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Telecom Honchos Make Joint Pitch Against Trai

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Rankled by the Telecom Regulatory Authority of India's (Trai's) recommendations for 2G spectrum auctions, telecom companies on Wednesday made a joint pitch to top government functionaries, including Home Minister P Chidambaram and Finance Minister Pranab Mukherjee, for not accepting the "catastrophic" recipe of the industry watchdog.

Bharti Airtel Chairman Sunil Mittal, Vodafone Chief Executive Vittorio Colao, Idea Cellular Chairman Kumar Mangalam Birla and Telenor CEO Jon Fredrik Baksaas first made their case with Chidambram and Mukhejree and then followed it up with meetings with Planning Commission Deputy Chairman Montek Singh Ahluwalia and Telecom Minister Kapil Sibal.

They also met Pulok Chatterji, Principal Secretary in the Prime Ministers Office and possibly also Commerce Minister Anand Sharma besides a host of top bureaucrats, including secretaries to the department of telecom and commerce.

"This has been the most destructive period of regulatory environment I have seen in 16 years," Mittal said saying Telecom Regulatory Authority of India's (Trai) recommendations will be "catastrophic" for the entire telecom sector.

Almost every telecom operator has something to hate in the 176-page Recommendations on Auction of Spectrum, which outgoing Trai Chairman J.S. Sarma released last month. In the short run, it threatens to create more disruption before things settle down.

Almost every operator has reason to complain. For incumbents the cost of doing business will go up sharply. First, they will need to buy spectrum in the 1800 band at the discovered price. Second, they will want to retain the 900 band in key circles. Third, they will need to re-configure existing networks to match the 1800 band. That would be a neat 50 per cent increase in capital expenditure, by some estimates.

Telenor's Baksaas said the auction policy should be catalyst for "affordability, competition and investments" rather than leading to tariff hikes as would be case with TRAI setting a very high base price for the auction.

"If the decision are taken in interest of the industry, they (TRAI recommendations) have to be changed. I think the current recommendations will kill the industry," Birla said.

Trai has suggested a base price of Rs 3,622 crore for one megahertz (MHz) for pan-India spectrum, which is around 10 times higher than the price at which 2G licenses bundled with 4.4 MHz spectrum were allocated in 2008 under the then Telecom Minister A Raja.

Though the order impacted mostly new players like Uninor, Sistema Shyam, Loop and Etisalat DB, the latest recommendations by sectoral regulator Trai have come as a blow to the entire industry.

Telecom Regulatory Authority of India (Trai), in its recommendations, has suggested a base price of Rs 3,622 crore for a megahertz (MHz) of pan-India spectrum, which is around 10 times higher than the price at which 2G licences bundled with 4.4 Mhz spectrum were allocated in 2008 under the then Telecom Minister A Raja.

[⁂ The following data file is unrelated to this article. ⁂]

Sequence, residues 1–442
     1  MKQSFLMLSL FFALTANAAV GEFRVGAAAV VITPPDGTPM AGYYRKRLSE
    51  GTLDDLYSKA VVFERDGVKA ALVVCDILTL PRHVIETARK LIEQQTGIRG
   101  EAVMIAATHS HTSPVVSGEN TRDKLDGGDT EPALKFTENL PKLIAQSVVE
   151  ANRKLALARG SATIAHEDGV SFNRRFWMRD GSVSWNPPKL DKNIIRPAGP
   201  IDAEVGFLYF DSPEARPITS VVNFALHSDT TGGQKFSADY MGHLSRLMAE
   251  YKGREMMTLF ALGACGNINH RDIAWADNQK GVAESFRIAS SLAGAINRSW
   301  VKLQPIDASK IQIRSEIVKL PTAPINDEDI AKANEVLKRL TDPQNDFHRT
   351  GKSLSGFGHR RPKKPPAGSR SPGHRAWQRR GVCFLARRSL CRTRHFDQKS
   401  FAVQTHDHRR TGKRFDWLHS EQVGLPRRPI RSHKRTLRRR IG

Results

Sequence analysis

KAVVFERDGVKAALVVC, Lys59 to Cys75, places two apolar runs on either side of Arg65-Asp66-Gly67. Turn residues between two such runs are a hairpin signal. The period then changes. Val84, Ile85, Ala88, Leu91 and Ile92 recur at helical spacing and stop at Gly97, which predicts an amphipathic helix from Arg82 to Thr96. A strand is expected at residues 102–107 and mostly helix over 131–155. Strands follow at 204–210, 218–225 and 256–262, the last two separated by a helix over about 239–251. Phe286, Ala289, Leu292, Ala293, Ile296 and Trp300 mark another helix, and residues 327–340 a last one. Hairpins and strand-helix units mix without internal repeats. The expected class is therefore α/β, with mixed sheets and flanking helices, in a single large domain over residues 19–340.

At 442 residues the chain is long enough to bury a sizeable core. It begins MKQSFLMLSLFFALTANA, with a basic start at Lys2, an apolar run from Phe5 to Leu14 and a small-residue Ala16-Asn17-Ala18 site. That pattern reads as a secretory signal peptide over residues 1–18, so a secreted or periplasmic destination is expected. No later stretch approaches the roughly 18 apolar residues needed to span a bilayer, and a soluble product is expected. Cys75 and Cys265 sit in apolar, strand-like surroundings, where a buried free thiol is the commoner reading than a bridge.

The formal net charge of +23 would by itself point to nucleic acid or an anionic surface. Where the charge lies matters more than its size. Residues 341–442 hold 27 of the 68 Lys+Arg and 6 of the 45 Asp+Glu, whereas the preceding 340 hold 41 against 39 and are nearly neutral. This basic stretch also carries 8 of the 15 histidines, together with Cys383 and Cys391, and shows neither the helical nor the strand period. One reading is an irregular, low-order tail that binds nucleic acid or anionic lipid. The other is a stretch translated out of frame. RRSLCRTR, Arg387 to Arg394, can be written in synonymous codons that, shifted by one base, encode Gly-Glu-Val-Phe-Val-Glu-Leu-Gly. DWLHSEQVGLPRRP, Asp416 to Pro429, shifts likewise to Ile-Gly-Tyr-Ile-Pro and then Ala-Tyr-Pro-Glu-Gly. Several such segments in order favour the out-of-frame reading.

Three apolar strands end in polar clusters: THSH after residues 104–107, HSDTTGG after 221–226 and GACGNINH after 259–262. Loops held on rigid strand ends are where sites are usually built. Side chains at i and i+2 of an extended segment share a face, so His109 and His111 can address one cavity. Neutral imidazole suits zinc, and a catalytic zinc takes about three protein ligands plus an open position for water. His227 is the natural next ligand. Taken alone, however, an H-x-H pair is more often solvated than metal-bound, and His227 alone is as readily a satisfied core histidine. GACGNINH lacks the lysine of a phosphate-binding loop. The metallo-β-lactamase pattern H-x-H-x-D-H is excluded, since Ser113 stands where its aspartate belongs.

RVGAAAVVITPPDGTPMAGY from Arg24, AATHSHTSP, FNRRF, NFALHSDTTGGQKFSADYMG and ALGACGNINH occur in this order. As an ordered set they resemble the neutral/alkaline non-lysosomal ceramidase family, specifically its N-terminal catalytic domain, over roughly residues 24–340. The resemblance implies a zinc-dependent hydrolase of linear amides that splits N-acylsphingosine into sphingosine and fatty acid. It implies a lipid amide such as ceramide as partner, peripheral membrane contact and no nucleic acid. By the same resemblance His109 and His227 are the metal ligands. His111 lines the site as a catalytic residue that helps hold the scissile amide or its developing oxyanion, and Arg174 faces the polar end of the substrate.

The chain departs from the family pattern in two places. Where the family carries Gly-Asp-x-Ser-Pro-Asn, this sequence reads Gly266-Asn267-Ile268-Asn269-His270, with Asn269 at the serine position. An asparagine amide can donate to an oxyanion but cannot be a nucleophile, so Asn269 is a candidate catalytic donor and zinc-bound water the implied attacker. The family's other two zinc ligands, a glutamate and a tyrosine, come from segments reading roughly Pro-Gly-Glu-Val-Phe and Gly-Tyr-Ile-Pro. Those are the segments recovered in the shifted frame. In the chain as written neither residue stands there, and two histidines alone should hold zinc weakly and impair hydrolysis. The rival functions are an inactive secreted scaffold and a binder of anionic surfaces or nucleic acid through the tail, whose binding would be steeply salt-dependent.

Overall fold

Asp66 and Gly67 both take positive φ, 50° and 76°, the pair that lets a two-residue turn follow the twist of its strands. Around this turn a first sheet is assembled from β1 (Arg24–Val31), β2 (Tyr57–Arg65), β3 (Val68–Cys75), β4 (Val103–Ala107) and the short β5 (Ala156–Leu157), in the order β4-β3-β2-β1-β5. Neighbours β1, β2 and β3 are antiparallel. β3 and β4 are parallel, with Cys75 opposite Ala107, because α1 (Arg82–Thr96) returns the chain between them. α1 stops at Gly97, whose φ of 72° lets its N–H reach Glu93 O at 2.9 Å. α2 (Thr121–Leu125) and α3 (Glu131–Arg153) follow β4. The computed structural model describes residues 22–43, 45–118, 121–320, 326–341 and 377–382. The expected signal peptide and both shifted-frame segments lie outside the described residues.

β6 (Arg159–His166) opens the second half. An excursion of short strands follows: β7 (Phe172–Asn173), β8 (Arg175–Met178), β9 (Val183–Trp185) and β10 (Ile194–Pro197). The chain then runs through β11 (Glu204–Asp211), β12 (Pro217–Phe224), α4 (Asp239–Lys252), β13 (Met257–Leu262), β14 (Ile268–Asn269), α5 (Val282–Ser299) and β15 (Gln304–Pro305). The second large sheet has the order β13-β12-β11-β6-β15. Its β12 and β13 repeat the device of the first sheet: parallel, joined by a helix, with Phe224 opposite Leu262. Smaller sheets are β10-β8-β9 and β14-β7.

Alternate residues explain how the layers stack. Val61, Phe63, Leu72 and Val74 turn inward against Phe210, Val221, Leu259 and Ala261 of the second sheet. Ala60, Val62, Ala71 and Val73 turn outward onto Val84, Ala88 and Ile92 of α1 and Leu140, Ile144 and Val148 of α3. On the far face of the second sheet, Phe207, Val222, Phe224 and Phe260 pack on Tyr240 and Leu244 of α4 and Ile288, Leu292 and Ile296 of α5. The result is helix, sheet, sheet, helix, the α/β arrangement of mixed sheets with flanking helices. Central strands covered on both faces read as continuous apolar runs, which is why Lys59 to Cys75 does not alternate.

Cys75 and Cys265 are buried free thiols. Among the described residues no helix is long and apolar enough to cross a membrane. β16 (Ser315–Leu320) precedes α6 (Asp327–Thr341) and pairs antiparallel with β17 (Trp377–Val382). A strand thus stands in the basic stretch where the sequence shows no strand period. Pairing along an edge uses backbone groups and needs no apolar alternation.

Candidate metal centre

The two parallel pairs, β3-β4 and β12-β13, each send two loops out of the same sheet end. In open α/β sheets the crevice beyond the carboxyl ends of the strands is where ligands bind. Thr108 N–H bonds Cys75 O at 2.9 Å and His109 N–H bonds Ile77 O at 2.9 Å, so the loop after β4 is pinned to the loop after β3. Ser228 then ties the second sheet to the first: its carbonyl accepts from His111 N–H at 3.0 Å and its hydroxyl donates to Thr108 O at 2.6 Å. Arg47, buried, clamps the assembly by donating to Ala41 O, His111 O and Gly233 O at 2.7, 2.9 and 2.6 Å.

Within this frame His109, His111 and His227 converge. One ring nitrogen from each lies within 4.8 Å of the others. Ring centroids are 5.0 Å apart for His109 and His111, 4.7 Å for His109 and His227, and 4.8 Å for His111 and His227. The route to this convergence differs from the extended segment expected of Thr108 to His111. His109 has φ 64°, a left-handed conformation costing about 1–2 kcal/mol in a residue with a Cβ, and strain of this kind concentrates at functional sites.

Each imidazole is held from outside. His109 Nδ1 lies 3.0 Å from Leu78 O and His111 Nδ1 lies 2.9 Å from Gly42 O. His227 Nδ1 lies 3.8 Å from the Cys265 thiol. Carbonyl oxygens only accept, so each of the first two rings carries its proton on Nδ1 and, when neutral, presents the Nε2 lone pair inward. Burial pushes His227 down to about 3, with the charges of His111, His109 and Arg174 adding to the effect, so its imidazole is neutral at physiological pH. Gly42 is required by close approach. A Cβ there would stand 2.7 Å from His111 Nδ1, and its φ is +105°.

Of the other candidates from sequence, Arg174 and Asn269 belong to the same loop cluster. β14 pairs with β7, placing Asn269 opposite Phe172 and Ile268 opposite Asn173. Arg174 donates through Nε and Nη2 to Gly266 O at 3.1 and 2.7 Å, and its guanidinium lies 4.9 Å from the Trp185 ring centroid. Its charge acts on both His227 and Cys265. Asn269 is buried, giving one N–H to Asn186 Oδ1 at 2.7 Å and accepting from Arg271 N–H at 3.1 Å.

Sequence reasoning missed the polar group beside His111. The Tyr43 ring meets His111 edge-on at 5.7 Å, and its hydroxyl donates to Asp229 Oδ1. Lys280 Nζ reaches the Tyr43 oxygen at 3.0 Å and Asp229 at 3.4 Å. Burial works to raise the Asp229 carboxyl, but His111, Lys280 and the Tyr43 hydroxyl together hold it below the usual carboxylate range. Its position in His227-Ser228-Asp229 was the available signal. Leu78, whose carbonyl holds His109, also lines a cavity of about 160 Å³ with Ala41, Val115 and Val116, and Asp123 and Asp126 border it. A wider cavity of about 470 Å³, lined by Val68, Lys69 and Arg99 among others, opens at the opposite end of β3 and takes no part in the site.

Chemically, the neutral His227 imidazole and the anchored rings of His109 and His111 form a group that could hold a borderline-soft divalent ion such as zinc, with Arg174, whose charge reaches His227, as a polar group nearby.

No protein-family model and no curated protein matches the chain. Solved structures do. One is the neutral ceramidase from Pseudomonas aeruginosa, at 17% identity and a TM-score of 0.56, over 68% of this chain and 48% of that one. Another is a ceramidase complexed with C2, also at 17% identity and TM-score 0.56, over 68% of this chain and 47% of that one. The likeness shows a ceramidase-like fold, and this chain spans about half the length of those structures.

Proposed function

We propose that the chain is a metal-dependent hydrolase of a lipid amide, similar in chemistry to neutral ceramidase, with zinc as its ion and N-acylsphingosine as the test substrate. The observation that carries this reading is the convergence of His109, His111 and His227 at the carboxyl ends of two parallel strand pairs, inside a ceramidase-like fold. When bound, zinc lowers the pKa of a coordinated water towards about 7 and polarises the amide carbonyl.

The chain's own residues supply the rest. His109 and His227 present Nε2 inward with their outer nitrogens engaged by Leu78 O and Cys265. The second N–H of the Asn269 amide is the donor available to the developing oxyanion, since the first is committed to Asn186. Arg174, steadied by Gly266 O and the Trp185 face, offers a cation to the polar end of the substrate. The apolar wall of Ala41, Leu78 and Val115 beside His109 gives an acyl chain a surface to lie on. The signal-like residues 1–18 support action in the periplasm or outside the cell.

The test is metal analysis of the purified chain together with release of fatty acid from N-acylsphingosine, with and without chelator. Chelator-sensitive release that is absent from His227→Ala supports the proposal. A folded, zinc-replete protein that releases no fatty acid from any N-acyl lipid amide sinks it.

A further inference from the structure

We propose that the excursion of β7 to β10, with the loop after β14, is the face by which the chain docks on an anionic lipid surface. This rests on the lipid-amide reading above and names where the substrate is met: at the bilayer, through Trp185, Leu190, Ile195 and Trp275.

According to Trai, a minimum of 5 Mhz spectrum should be allotted, which means that pan-India airwaves in 1800 MHz band will cost Rs 18,000 crore.

Bharti Airtel, India's biggest mobile operator, will face higher operating costs due to possible bandwidth purchases, further eroding profits that have been battered by fierce price competition for more than two years.

Mobile carriers including Vodafone's Indian unit and Idea Cellular are opposing regulatory changes proposed last week that will lead to billions of dollars of spending on new spectrum bands before their permits expire starting in 2014.

"What really concerns us is how the regulatory environment is shaping up for the telecom sector," said P. Phani Sekhar, a fund manager at Angel Broking's portfolio management services.

"The kind of spectrum costs companies will need to pay just to keep business going, and the incremental capital expenditure if spectrum gets refarmed, could potentially wreck even the strongest of telecom companies such as Bharti," he said.

Significant Implications
In a statement, Bharti Airtel Chairman Sunil Mittal said, "The recent regulatory developments in India will have significant implications on the future of telephony and broadband, as well as India's global competitiveness."

Despite the 28.2 per cent dip in net profit on account of higher interest costs and foreign exchange fluctuation losses, the company remains hopeful of its investments paying out.

"We have made massive investments, be it in 3G, 4G or in Africa. We believe that we have made all necessary investment in all forms...We enter next year as a very fundamentally strong year. We are poised to grow and exploit massive potential in India and Africa," Gupta said.

The company plans a consolidated capital expenditure of between USD 3 billion and USD 3.2 billion for FY'13.

However, this will exclude any potential payment for spectrum, Bharti Enterprises Group CFO Sarvjit Singh Dhillon said.

"The ability to make large investment will depend on the outcome of continuing debate on the recommendations.